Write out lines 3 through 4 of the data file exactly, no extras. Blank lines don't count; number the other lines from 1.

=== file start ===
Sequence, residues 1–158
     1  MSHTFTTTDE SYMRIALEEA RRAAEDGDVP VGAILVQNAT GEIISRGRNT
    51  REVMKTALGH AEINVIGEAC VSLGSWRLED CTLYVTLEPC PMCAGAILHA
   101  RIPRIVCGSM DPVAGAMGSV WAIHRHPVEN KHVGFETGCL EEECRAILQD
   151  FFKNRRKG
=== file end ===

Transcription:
    51  REVMKTALGH AEINVIGEAC VSLGSWRLED CTLYVTLEPC PMCAGAILHA
   101  RIPRIVCGSM DPVAGAMGSV WAIHRHPVEN KHVGFETGCL EEECRAILQD